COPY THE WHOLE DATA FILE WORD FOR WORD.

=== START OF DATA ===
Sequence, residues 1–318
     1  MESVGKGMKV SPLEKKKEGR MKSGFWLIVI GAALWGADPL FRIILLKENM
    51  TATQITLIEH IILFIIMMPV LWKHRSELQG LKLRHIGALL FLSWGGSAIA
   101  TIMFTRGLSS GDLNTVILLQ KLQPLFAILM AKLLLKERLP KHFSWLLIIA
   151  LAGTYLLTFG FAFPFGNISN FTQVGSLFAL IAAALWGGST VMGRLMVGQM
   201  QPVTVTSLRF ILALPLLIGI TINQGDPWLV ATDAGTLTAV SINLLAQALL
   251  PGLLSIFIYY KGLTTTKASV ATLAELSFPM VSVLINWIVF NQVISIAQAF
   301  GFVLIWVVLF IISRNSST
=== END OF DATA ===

Sequence, residues 1–318
     1  MESVGKGMKV SPLEKKKEGR MKSGFWLIVI GAALWGADPL FRIILLKENM
    51  TATQITLIEH IILFIIMMPV LWKHRSELQG LKLRHIGALL FLSWGGSAIA
   101  TIMFTRGLSS GDLNTVILLQ KLQPLFAILM AKLLLKERLP KHFSWLLIIA
   151  LAGTYLLTFG FAFPFGNISN FTQVGSLFAL IAAALWGGST VMGRLMVGQM
   201  QPVTVTSLRF ILALPLLIGI TINQGDPWLV ATDAGTLTAV SINLLAQALL
   251  PGLLSIFIYY KGLTTTKASV ATLAELSFPM VSVLINWIVF NQVISIAQAF
   301  GFVLIWVVLF IISRNSST